Apprehensions and opportunities
The continent’s meagre institutional and national capacities, weak healthcare systems and gregarious way of life may prove catastrophic should the virus continue to spread at the same rate and intensity as in other critically affected countries. The impact of such a calamitous scenario is easy to imagine and frightening to predict.
The effects of the pandemic on Africa’s nearly 2,000 higher education institutions cannot be overemphasised. If the crisis persists, it may seriously impact the commitment of governments toward higher education in the face of competing demands from the healthcare, business and other priority sectors serving vulnerable segments of society.
Further, global support to higher education, research collaborations and partnership schemes, most often directed at critical areas such as strengthening PhD programmes, could be massively scaled back.
African higher education institutions are expected to do more in the months ahead while concurrently battling across many fronts. This includes addressing the more immediate challenges of the threat of COVID-19, seeking improved mechanisms for online delivery and planning to address the long-term effects of the pandemic on institutional capacity.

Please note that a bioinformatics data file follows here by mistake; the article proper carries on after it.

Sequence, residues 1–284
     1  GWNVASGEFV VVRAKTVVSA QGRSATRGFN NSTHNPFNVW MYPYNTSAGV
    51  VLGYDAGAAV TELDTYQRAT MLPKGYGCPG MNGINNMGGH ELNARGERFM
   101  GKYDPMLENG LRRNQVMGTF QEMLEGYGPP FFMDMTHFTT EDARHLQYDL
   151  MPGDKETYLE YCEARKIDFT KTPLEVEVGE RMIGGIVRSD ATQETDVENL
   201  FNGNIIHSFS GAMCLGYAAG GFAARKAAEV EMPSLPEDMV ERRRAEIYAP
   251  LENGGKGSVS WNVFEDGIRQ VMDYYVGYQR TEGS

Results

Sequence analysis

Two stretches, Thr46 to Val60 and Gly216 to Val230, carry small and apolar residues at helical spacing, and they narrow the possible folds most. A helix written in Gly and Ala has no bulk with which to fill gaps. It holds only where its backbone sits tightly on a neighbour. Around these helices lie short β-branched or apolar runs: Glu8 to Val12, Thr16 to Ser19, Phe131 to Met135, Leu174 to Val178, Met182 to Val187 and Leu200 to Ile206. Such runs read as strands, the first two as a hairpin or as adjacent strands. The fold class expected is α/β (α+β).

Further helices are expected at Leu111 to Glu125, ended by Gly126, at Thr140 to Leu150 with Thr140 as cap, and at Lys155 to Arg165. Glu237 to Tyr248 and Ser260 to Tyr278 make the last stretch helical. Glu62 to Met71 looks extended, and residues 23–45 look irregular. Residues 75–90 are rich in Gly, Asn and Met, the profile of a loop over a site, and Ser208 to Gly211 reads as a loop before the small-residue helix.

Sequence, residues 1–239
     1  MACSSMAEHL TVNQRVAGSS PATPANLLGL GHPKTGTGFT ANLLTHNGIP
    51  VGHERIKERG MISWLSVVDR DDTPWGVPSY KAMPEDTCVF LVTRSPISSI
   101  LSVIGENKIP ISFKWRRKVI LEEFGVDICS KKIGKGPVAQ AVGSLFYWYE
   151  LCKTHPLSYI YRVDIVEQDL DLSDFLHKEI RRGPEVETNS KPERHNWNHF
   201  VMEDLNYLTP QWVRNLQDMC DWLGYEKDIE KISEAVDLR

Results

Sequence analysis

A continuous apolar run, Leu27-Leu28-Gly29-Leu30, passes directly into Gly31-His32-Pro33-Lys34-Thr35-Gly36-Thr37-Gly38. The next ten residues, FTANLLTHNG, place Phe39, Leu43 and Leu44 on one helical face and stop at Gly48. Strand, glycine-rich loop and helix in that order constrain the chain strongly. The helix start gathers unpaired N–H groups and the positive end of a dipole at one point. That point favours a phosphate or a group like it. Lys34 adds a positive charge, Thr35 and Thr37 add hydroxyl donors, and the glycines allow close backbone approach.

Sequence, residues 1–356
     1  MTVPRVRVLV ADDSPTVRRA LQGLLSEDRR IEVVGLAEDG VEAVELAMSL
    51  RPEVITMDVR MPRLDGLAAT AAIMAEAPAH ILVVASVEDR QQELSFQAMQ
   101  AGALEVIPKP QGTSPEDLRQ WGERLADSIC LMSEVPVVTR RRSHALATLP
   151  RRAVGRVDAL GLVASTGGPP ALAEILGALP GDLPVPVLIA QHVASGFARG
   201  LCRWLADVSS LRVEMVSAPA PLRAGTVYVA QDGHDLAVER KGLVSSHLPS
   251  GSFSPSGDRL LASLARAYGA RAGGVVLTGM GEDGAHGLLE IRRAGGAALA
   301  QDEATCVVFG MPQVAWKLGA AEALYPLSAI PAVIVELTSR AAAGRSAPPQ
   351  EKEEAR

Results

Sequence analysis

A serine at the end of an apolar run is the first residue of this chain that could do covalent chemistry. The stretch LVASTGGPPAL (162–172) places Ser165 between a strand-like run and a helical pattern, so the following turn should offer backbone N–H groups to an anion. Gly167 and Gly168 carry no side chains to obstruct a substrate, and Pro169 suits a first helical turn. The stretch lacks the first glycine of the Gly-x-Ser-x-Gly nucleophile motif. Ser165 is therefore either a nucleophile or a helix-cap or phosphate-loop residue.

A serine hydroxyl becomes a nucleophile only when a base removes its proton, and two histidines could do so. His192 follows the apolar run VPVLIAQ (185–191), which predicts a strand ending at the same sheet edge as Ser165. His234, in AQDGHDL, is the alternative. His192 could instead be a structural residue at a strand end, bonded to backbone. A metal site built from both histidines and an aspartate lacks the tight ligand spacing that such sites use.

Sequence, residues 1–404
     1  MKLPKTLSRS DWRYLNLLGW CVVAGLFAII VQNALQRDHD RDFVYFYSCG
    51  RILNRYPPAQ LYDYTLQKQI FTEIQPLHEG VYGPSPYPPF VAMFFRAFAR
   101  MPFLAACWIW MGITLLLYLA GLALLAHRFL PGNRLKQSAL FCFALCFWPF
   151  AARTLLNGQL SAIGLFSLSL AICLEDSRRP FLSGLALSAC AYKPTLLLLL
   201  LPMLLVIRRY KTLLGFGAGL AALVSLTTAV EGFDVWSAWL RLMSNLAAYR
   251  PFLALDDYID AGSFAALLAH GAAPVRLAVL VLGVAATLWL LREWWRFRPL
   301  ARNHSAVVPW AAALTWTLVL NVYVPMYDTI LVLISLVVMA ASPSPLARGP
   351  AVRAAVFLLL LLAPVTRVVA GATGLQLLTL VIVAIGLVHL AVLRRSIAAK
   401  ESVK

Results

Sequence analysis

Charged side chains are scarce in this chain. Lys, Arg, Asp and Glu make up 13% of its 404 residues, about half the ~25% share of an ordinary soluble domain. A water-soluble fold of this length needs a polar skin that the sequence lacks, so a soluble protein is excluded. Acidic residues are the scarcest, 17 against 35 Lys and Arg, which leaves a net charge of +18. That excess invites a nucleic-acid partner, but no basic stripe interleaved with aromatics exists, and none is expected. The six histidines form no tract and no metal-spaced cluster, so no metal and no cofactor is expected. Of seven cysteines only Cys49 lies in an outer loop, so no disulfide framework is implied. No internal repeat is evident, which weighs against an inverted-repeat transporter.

In the aftermath of the pandemic, cost recovery through financial contribution from beneficiaries in the form of fees or loan repayments will not be easy, since economies will have seriously declined – if they indeed survive a total collapse.
The expansion of public universities will be abruptly frozen. Private providers, which are dependent on tuition and other fees, will also be hard hit, with many facing downsizing or even closure, as they receive little or no support from governments.
On a positive note, this threat – and the approaches to overcome it – may be catalytic for long-lasting changes in African higher education. Among others, diversified means of educational delivery, in particular a non-residential model, may become more mainstream, more acceptable and more respectable.
Wondwosen Tamrat is associate professor and founder-president of St Mary’s University, Ethiopia, and PROPHE (Program for Research on Private Higher Education) affiliate. E-mail: firstname.lastname@example.org or email@example.com. Damtew Teferra is professor of higher education at the University of KwaZulu-Natal and founding director of the International Network for Higher Education in Africa. E-mail: firstname.lastname@example.org or email@example.com.
This article will be part of a special issue of our partner publication International Higher Education on the impact of the COVID-19 crisis, to be published at the end of April.